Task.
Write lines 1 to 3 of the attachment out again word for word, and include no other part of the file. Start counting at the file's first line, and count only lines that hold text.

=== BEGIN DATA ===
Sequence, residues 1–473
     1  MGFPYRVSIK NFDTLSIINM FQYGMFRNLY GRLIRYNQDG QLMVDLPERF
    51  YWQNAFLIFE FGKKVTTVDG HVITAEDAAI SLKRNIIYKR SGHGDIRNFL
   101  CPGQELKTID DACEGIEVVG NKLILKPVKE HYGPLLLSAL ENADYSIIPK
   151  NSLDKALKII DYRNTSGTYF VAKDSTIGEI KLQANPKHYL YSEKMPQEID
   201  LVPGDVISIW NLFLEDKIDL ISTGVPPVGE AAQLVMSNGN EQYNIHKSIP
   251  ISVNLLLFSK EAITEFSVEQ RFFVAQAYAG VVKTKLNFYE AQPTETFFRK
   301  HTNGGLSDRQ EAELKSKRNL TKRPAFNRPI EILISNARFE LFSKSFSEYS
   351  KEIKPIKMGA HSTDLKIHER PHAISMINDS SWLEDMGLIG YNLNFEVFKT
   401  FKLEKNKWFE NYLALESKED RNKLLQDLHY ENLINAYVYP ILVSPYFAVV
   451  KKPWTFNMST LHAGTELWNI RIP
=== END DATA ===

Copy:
Sequence, residues 1–473
     1  MGFPYRVSIK NFDTLSIINM FQYGMFRNLY GRLIRYNQDG QLMVDLPERF
    51  YWQNAFLIFE FGKKVTTVDG HVITAEDAAI SLKRNIIYKR SGHGDIRNFL